You see, it’s not just pokie players who are affected by this. The money drained away by the pokies has an impact on every man, woman and child in the country. It affects taxation, both in the amount collected and the way it is spent. It means insolvency, hardship and bankruptcy, which has a knock-on effect on our banks and lending institutions, which in turn is passed on to the customers. It means family breakdown and domestic strife, which impacts on our police, our hospitals, our courts and our social support agencies… not to mention ourselves. And it means political power and media influence for the few groups lucky enough to benefit from this flow of ill-gotten pokie gold, which in turn influences the stories our papers run and the news we see on TV.

It’s time that “unconcerned, unaffected Australia” woke up and realised that the consequences of problem gambling are all around them, and by turning away, they are condoning the harm being done. Sadly, their silence speaks volumes. It’s about time we made some noise.

Share

3 Responses

  1. It is time to pause and reflect upon a gambling industry with much greater scrutiny when its annual profit equals that of four major banks in Australia!

  2. Robert Sugden says:

    To try and associate the bank siuation and gambling is just a beat up that IMO doesn’t help your cause.

  3. Why is that so Robert? Sorry but I do not agree. Any ‘beat up’ is well deserved…since gambling money comes from vulnerable people way too often…and is LOST to them….AND to communities.

    The cause of raising awareness in public about dangerous products like slots/pokies and dangerously deficient gambling consumer operational environments needs NO ‘beat up’. It IS a fact that gambling consumers are NOT being provided with the required consumer tools that all responsible consumers need, to act ‘responsibly’.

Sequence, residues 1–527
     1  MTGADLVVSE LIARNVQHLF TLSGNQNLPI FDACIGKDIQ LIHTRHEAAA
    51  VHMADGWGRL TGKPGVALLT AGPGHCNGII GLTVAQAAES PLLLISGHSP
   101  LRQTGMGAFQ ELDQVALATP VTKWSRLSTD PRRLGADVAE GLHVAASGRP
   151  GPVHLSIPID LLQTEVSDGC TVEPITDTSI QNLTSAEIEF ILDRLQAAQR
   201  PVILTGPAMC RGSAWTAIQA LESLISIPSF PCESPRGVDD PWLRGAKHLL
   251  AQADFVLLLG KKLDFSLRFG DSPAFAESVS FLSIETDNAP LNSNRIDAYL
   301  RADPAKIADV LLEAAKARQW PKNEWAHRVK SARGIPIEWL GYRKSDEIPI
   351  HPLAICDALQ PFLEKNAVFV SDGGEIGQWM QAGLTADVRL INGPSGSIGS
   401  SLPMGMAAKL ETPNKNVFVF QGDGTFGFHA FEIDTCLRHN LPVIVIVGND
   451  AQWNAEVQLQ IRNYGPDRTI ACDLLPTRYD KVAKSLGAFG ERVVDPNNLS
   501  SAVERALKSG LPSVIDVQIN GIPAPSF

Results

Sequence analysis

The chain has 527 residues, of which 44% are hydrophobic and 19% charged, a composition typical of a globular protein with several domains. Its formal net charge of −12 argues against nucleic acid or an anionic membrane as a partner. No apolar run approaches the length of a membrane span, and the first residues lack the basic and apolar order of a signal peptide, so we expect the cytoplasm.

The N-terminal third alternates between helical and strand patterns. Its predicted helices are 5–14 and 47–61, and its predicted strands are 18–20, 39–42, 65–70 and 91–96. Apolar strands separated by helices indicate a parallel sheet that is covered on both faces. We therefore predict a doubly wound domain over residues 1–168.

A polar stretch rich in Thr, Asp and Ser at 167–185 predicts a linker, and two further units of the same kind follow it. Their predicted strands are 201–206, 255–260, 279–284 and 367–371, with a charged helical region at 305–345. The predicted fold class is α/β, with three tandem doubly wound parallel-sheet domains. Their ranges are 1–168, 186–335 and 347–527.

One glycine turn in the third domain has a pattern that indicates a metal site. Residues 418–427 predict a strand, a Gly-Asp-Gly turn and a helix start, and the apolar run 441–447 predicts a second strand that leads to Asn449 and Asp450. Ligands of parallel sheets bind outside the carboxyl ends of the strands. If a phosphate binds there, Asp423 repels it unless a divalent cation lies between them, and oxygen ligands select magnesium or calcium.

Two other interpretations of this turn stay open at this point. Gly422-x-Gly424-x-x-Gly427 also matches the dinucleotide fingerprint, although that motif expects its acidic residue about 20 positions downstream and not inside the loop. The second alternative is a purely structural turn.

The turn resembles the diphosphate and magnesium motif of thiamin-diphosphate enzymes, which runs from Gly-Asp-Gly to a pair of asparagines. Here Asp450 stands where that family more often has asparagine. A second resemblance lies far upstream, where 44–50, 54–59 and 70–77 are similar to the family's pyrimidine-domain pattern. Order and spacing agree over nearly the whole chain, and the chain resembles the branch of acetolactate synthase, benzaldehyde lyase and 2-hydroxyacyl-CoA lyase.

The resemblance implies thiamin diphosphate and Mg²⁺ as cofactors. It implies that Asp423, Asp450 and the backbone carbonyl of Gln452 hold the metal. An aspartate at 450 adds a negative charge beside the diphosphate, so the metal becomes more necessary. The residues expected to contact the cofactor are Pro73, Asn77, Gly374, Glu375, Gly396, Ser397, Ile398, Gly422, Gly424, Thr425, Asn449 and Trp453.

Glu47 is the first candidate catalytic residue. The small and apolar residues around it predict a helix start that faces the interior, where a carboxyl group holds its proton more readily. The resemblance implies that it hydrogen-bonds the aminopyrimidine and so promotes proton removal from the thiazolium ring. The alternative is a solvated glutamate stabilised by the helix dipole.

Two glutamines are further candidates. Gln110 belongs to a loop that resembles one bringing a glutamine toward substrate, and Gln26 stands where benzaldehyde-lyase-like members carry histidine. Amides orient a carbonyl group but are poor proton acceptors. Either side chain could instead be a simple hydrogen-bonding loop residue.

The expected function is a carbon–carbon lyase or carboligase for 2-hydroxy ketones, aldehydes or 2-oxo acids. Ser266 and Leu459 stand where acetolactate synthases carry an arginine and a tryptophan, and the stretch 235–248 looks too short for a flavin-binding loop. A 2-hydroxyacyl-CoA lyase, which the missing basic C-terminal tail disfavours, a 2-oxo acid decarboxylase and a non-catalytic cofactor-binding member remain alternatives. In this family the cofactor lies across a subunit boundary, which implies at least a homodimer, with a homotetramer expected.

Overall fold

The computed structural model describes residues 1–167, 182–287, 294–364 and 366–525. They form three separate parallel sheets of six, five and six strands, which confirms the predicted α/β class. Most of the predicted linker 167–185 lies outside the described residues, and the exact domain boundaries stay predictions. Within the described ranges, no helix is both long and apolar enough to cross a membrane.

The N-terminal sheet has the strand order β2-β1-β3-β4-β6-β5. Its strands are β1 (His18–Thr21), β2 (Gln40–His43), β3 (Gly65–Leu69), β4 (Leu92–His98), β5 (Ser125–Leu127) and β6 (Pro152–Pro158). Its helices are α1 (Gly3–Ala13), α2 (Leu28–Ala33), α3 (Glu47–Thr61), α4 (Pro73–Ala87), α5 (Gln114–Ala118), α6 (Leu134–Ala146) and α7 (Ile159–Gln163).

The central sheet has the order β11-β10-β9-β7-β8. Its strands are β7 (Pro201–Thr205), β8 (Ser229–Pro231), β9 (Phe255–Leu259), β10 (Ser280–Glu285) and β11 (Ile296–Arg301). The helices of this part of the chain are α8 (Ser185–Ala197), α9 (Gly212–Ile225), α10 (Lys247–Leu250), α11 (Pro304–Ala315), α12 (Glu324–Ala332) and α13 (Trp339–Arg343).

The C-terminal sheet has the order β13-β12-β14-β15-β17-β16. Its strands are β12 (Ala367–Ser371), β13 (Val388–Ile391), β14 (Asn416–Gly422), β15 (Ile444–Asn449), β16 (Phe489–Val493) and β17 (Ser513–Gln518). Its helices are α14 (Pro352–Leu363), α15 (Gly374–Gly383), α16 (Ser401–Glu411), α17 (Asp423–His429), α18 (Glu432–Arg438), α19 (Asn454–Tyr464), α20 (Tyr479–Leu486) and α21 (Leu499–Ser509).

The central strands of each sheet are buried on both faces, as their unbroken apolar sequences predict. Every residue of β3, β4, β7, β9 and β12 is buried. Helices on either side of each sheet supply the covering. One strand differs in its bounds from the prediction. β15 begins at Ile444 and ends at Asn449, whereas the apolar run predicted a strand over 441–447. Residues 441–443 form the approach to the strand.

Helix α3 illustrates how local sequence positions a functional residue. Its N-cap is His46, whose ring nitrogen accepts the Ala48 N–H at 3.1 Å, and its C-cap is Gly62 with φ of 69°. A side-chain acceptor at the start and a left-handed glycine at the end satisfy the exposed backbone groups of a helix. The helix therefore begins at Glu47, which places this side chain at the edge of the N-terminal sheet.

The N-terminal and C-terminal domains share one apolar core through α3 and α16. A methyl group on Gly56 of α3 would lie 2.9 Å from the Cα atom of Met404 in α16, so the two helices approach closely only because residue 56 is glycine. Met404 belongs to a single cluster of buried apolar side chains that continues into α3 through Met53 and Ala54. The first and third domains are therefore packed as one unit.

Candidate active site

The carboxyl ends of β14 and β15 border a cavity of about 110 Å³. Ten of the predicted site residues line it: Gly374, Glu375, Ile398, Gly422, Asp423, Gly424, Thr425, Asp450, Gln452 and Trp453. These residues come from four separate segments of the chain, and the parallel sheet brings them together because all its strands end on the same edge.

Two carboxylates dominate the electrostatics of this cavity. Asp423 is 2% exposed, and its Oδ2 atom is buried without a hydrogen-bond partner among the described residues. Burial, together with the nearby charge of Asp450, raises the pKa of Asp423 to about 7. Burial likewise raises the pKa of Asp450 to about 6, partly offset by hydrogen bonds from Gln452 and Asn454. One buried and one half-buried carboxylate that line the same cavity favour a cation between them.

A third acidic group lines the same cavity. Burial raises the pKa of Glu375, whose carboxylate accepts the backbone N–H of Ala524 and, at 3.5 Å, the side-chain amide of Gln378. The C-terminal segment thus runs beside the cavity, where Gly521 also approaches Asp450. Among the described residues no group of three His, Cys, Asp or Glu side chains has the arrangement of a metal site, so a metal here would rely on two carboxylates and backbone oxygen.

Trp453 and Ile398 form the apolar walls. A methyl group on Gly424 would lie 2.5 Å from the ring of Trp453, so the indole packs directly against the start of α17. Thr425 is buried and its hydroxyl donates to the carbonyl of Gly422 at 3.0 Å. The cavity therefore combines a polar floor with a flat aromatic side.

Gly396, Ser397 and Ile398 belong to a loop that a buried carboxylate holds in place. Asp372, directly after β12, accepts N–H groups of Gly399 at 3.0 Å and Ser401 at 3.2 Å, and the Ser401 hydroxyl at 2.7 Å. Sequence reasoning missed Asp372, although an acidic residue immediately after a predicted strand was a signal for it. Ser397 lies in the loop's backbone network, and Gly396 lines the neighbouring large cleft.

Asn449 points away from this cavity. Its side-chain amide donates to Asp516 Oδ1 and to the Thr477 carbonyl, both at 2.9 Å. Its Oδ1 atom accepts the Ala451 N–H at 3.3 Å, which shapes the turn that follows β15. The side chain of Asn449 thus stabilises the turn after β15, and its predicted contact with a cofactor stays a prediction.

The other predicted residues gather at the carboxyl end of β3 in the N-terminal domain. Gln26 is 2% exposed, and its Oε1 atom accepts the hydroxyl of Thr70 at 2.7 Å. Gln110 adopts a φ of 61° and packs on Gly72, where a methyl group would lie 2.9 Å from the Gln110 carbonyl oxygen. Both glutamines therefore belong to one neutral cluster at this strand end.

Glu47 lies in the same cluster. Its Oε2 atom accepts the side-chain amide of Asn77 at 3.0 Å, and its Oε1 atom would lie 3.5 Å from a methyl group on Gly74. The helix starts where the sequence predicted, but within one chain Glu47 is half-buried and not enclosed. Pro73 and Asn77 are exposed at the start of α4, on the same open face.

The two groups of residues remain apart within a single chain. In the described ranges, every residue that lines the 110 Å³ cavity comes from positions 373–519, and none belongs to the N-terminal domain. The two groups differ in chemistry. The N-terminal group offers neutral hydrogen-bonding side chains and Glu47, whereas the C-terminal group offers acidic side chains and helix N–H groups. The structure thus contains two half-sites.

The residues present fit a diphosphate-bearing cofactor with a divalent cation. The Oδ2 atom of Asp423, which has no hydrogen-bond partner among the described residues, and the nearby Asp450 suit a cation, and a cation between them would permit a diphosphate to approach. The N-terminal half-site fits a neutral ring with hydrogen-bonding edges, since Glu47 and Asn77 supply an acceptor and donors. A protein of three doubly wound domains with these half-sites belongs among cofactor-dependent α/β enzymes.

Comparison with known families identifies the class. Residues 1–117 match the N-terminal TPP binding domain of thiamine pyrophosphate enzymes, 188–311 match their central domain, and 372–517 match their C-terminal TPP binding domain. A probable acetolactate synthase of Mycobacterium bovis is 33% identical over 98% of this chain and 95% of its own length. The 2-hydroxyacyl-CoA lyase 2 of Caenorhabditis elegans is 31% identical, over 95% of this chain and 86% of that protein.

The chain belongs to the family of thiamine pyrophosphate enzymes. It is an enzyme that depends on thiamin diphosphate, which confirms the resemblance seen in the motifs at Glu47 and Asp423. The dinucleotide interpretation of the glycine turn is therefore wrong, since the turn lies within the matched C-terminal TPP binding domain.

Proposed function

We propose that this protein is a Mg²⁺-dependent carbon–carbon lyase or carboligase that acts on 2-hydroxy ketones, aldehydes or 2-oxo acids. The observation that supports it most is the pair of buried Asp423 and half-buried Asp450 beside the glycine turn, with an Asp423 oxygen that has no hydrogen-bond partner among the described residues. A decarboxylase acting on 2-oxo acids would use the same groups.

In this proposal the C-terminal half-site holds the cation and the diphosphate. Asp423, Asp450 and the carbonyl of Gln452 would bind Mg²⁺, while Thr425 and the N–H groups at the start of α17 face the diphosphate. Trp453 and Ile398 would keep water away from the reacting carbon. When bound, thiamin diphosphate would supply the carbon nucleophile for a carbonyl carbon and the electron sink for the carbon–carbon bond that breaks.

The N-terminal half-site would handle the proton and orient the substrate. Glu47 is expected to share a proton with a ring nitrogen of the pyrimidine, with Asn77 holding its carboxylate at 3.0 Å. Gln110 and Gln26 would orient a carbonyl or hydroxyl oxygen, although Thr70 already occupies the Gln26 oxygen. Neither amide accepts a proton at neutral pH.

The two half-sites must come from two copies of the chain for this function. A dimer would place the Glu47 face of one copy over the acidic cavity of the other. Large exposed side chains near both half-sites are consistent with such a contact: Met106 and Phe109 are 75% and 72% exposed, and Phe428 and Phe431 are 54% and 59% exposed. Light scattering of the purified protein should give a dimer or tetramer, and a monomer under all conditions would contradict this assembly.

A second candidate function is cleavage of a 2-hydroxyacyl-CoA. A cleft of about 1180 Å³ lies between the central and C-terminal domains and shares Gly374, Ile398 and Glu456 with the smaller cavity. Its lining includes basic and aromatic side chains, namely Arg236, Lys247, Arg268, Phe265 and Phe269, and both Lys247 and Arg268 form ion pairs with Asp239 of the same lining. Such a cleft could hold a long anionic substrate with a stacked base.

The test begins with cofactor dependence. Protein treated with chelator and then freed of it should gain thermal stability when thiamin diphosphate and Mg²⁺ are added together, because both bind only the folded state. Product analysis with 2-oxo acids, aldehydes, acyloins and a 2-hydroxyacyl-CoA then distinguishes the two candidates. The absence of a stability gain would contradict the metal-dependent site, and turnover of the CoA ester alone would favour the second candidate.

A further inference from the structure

This harms consumers, reduces their sovereignty and unfairly assists the gambling industry to take a disproportionate amount of money from people, that is inappropriate given the nature of this supposedly recreational industry.

    FIX the gambling industry IRRESPONSIBILITY. Don’t knock the consumers for wanting to be RESPONSIBLE. Follow the Victorian law for starters…until it becomes obsolete the Fair Trading Act Victoria 1999 Sec 161 [a] still stands…and the gambling industry has NEVER followed it. A blind eye has been turned for long enough that pokies gamblers have NOT been given the very receipts automatically…NO record of their gambling spending…that a responsible gambling industry KNOWS is their right to get.

    Had pokies gambling consumers been given such safety tools in the past (that other consumers all get as the law dictates)…a greater number of consumers could have been better warned and could have avoided addiction…and loss of both health and wealth.

    The gambling industry has exacerbated its consumer loss by being irresponsible. It has relied upon consumer ignorance of their rights to fleece people. It has acted unconscionably…hoping that nobody would notice. Wear it.

Leave a Reply

Your email address will not be published. Required fields are marked *